Carlo Gianferro (b. 1970, Italy) is a freelance photographer based in Rome, Italy. He worked from 2004 to 2008 with the Romanian and Moldavian wealthy Roma communities. Two books were a result of this long term project: “Gypsy Architecture” by German Axel Menges Editions and “Gypsy Interiors” published by Italian Postcart Edizioni. In addition, Carlo has worked on personal projects in Eastern Europe, Africa and the Middle East. He’s now working on Italian issues exploring mental illness, exiled workers and other fragile communities. His photographs document people’s conditions and show them in an environment where the architectural setting is just as important as the human figures. Carlo has received several international awards, including first prize for his portrait stories from World Press Photo in 2009.
The images of GYPSY INTERIORS allow us to enter into the intimacy of the Roma houses where interiors are represented with its inhabitants in order to solder the connection between the life and the lived. The people, the inhabitants and the owners were photographed quickly, without prior preparation, aesthetic tricks or any special choice of clothes: what you see is what there is, what there was at the time of the shooting, what there is every day.
Women with sumptuous traditional costumes and hairstyles that have remained unchanged over time; men who owing to their dealings outside of their community wear Western clothing; youths wearing the universal fashions of today’s youth everywhere, yet all of these sharing a common background characterized by creativity, color, splendour, and cultural tradition.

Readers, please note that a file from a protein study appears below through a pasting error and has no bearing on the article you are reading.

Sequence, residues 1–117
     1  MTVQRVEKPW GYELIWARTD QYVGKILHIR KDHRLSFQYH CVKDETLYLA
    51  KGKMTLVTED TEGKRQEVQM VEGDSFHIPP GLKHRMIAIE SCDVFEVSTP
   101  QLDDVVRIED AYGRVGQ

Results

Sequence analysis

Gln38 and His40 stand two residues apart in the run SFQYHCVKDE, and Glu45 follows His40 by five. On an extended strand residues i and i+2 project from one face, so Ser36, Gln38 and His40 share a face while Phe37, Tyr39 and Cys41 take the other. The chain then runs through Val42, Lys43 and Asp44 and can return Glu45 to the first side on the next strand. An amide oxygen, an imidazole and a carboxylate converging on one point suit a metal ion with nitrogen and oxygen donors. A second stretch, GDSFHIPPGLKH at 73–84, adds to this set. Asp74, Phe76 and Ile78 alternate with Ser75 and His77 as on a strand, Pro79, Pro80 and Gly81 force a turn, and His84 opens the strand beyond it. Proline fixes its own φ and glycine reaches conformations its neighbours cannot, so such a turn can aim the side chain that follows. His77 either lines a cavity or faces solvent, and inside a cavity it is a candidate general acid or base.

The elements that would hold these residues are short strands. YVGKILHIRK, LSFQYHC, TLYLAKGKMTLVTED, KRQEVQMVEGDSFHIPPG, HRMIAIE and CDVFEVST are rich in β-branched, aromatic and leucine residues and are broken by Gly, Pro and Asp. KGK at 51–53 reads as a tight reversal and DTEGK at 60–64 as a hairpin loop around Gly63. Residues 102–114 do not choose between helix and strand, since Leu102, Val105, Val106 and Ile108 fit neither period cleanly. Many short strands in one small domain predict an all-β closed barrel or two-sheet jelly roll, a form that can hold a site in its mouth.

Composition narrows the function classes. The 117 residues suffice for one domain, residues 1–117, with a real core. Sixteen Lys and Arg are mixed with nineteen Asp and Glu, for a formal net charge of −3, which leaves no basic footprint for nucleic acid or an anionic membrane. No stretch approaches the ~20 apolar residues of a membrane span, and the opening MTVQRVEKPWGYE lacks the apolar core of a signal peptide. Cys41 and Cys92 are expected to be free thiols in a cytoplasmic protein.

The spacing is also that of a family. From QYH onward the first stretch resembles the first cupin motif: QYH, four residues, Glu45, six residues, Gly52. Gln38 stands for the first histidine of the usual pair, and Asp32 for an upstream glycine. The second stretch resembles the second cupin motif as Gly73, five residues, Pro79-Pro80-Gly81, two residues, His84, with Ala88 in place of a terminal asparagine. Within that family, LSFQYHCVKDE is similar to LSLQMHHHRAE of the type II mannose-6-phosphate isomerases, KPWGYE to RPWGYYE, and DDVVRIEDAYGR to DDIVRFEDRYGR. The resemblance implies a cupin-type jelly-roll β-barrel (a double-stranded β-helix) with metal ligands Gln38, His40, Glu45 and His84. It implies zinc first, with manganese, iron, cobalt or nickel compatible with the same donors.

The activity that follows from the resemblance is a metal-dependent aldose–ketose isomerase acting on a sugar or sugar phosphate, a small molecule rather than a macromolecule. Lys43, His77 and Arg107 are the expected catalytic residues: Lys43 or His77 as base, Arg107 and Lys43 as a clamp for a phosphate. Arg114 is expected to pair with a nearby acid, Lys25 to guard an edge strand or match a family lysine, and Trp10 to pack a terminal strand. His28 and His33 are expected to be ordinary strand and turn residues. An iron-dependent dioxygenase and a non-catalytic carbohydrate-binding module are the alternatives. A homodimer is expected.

GYPSY INTERIORS is above all a real and accurate portrait of current Romani/Gypsy society, which is still, as it has always been, based on the family, and the house is the backdrop against which the family is represented. Money and the home are the two main parameters which show the other members of the community the importance and power of the family. In this the Roma don’t deviate from universal motivations, but they articulate it in their homes with an innate and personal expression, with the concepts of luxury, prosperity, and especially power represented by decorative overabundance.
Colours are essential to the gypsy people and, as with the women’s costumes, colour covers everything, both the inside and the outside of the houses, making fantastic, unreal buildings - as fantastic and unreal as the dream, the desire of having a house, a stable place for a people that for hundreds of years has roamed far from its place of origin.
Freedom, and the intelligent use of it, has allowed the Roma community to redeem itself in the most obvious and confrontational way possible, using rocks, concrete, iron, wood, plaster, and metal to build these monuments to their desires, and into which they then move to live in a joyous, colourful, world of their own